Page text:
Basic civil liability may apply to the arbitrators if they are in violation of their duties and this leads to damages. Case law holds that arbitrators are especially liable where the arbitration award gets repealed by the court. Their liability is of a contractual nature.
UAE- Federal Jurisdiction
An English translation of the recent amendment to Article 257 of the UAE's Federal Law No. 3 of 1987 by Federal Decree Law No. 7 of 2016 (the “Penal Code”) provides that:
‘Temporary imprisonment shall be inflicted on whoever issues a decision or expresses an opinion or submits a report or presents a case or proves an incident, in favour of a person or against him, contrary to the duty of fairness and unbiasedness, in his capacity as an arbitrator, expert, translator or investigator who is appointed by a judicial or an administrative authority or elected by the parties.’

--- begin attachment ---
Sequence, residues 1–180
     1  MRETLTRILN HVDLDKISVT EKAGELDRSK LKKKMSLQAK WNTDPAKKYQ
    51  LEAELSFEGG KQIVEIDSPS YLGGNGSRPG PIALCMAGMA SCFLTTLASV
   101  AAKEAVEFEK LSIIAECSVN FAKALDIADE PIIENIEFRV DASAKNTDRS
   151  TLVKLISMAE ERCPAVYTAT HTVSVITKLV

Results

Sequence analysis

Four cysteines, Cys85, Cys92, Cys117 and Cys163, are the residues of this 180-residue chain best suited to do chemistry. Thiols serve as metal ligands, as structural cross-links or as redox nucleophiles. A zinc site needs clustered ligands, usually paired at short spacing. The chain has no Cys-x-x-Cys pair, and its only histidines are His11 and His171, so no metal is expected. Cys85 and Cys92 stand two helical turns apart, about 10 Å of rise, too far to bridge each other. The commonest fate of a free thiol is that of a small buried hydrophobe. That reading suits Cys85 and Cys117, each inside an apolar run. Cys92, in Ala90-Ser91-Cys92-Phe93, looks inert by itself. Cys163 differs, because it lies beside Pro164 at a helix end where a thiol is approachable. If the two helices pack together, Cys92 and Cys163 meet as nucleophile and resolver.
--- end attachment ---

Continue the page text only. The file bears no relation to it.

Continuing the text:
The introduction of the above caused significant concern amongst the arbitration community, with both experts and arbitrators rejecting potential appointments.
The concern within the arbitration market has however subsided, assisted by the fact that no arrests nor convictions of either arbitrators or experts have occurred since the promulgation of the above amendment.
The DIAC Rules (Article 40) provides for immunity for any act or omission in connection with the arbitration, by an arbitrator. The terms of reference, should be produced, normally limit an Arbitral Tribunal’s liability to acts of bad faith.
The ADCCAC Rules do not expressly provide for the grounds on which arbitrators, will or will not be held liable for their actions and/or omissions.